Graphene, the most written about material of 2013, has raised more controversy in the business and finance worlds than it has in science. Sure, it’s the strongest, toughest, most conductive, most flexible, thinnest material in the world, touting physics like the quantum Hall effect and proven applications such as monolayer transistors, but many have been asking, impatiently, when will it start reeling in money for the investors, and how to invest in it in the first place?
Andre Geim, the Nobel prize winner who led the team that first isolated graphene in a lab, used to compare commercialization of graphene to eating a dolphin – exploiting something that is simply beautiful. That stance seems to have shifted a little last year, with the University of Manchester set to open the National Graphene Institute, a place where scientists are to work side-by-side with leading companies on graphene commercialization. In parallel, a similarly directed centre has started up nearby – the Cambridge Graphene Centre. The Centre is directed by Prof. Andrea Ferrari, who is also one of the leaders of the European Graphene Flagship, a billion-euro project focused on commercializing the immense scientific achievements reached by graphene researchers over the past 10 years. With all this commercialization excitement literally flooding the news in 2013, it is only natural that people are all too eager to place their money on graphene.
Apart from the launching of the National Graphene Institute, the Cambridge Graphene Centre, and the Graphene Flagship, 2013 will be remembered as the year when the first graphene companies entered the stock market. Graphene Nanochem was the first graphene company to go public, followed by Applied Graphene Materials and Cientifica. Graphene Nanochem is a chemical company with a recently developed interest in graphene. Applied Graphene Materials is a spinoff of Durham University, while Cientifica is a technology consultancy with nanotech and graphene experience. While these three are legit graphene investments, the UK Financial Conduct Authority (FCA) has issued an end-of-the-year warning on graphene investments.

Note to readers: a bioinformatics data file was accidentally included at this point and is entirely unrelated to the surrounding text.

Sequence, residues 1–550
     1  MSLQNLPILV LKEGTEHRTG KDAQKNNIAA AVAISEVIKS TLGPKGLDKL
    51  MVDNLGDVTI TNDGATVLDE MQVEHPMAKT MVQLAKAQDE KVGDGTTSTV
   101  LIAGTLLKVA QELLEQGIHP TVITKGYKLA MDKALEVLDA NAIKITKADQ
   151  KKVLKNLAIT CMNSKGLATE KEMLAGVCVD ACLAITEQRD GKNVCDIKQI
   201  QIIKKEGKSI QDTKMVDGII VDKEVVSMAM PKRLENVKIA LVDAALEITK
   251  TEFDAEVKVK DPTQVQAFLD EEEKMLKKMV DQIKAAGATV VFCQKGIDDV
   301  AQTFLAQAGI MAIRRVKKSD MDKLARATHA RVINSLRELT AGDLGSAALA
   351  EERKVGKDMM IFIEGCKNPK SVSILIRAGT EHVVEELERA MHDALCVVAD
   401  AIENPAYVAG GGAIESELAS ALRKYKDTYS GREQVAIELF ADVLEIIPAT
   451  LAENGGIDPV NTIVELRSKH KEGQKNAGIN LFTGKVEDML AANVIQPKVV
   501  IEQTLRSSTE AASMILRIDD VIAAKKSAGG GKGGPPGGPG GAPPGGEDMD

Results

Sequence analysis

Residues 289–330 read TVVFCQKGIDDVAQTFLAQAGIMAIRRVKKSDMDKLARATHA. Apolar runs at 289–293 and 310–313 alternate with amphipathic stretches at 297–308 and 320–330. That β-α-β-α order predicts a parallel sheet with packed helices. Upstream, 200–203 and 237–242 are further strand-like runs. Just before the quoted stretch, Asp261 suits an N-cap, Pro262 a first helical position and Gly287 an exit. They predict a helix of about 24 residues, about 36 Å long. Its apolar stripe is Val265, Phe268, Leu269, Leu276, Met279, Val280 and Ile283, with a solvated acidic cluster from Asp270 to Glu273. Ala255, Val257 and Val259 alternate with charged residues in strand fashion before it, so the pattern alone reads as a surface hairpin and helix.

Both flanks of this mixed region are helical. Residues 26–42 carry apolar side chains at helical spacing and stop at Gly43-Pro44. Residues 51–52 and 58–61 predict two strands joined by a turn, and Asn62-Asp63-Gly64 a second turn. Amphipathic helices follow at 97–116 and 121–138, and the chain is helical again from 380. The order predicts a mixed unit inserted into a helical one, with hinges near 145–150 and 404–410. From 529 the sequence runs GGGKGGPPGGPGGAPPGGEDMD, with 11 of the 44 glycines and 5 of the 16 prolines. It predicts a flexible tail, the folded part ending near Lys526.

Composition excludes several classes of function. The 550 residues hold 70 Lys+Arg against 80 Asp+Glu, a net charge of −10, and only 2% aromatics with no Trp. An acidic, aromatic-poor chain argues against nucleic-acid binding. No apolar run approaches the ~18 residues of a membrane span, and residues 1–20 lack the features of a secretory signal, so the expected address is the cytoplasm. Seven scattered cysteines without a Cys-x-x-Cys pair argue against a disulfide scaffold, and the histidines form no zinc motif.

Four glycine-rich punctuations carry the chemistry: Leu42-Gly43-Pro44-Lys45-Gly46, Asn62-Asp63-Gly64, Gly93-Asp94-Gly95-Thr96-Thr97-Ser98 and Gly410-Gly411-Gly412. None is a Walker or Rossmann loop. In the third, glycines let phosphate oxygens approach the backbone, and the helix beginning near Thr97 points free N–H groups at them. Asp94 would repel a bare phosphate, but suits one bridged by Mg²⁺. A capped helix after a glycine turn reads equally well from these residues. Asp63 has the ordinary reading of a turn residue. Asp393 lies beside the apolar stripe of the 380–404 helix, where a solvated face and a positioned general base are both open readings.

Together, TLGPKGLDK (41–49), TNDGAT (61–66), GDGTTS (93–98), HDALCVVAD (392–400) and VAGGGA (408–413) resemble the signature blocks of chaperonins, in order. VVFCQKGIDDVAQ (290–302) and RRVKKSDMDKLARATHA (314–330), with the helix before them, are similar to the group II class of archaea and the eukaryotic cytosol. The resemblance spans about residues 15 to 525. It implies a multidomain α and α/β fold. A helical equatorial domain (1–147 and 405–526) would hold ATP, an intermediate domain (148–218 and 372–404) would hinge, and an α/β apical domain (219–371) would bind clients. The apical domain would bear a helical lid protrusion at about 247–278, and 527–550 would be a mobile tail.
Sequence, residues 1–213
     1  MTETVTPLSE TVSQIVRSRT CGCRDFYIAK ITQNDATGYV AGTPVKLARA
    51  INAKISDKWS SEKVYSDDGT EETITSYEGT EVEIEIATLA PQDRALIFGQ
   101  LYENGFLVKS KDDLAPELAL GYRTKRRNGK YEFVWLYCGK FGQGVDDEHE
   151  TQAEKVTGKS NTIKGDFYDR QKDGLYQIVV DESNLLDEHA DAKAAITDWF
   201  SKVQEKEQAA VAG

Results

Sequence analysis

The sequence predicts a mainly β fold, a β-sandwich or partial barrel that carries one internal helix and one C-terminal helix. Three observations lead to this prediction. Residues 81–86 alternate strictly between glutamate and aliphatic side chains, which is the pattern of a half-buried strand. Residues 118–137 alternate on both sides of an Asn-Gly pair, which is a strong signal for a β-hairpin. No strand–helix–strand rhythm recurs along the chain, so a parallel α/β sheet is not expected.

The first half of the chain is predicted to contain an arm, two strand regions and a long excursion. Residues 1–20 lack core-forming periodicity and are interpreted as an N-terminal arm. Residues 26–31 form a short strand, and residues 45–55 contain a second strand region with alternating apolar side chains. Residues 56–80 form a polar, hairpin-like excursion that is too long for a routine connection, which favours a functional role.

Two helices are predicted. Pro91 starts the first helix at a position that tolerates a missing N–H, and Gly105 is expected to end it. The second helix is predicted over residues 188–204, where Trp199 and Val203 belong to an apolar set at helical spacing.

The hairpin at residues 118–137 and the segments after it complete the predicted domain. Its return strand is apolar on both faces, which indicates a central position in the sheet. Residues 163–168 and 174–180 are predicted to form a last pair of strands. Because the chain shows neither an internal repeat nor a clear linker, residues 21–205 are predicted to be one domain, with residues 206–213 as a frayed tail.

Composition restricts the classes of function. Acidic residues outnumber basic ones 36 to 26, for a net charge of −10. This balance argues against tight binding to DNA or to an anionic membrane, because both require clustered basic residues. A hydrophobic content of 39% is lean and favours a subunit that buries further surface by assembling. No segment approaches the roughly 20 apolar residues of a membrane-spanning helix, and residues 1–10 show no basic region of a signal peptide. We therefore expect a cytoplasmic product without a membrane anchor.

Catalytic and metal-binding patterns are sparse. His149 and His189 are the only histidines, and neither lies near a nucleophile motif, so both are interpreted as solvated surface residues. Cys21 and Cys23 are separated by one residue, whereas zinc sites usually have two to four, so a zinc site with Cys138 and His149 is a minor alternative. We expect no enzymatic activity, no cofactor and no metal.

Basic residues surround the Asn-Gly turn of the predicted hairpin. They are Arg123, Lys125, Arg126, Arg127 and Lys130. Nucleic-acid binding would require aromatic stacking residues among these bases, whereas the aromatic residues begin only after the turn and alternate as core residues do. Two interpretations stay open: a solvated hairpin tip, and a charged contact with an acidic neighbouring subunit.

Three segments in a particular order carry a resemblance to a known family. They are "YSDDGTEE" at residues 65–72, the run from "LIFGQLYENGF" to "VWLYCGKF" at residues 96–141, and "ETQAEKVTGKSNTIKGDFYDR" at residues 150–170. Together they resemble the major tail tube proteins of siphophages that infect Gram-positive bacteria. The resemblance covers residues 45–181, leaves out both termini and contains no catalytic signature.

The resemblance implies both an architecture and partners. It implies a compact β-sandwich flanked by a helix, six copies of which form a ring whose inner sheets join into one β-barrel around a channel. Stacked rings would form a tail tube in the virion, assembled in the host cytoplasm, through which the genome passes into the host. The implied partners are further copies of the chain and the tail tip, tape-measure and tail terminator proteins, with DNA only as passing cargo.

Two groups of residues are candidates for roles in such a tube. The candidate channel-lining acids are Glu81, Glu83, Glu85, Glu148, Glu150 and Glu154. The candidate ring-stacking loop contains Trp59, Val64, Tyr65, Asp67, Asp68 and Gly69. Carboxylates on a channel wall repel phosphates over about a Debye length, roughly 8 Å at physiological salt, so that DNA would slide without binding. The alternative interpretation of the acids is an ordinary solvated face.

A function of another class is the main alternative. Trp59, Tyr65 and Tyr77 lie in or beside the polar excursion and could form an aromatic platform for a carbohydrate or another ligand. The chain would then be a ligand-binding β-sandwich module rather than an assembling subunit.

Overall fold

Quoting the FCA, “there is a strong possibility of fraud with graphene because it is unregulated and it is difficult to confirm that you have bought the genuine product.” Put in layman’s terms, graphene investment is akin to the wild west, with “graphene” companies mushrooming during the course of last year. Some of those companies are real hard-working startups, trying to inch their way into the crowded territory dominated by Graphene Labs, Graphenea, and other slightly older startups. Others are chemical or mining companies with a general but vague interest in graphene, whereas some, as the FCA warns, are pure scams.
In this stew of young companies, accompanied by an extreme pace of technological development, it is difficult to judge where success will come in the long run. To answer this question (and in part direct the outcome), the Graphene Stakeholders Association (GSA) was established early last year. The association is led by key industry leaders, accompanied by experienced investors and consultants. Graphene Tracker has joined the GSA early on, because we see it as the only reasonable, coherent drive for integration (and purification) of the so far loosely knit graphene business community. Subsequently, I’ve changed my “investment page” into a “graphene industry” page. The reason for this change is that I think graphene investment is complicated and risky, and that options for the small-time investor are limited and shaky. I believe that true meaningful investment can come only through venture capital and/or business partnership with another graphene company. However, insight into the possible success of such a partnership can hardly be provided on a single webpage, and those interested in graphene investment are invited to browse through my business directory (still the most comprehensive, searchable online graphene business directory), and to consider joining the Graphene Stakeholders Association (on which Graphene Tracker provides a discount).
For the small-time investor, we refer to the advice provided by the FCA.